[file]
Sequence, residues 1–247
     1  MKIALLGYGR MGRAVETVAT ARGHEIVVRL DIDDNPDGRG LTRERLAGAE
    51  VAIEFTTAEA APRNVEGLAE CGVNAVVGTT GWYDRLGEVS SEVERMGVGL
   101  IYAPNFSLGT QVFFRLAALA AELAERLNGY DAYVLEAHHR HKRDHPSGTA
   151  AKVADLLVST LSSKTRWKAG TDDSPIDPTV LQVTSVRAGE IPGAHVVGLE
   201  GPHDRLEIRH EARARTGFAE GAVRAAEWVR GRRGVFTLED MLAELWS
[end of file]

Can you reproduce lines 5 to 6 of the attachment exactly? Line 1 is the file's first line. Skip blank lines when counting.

   151  AKVADLLVST LSSKTRWKAG TDDSPIDPTV LQVTSVRAGE IPGAHVVGLE
   201  GPHDRLEIRH EARARTGFAE GAVRAAEWVR GRRGVFTLED MLAELWS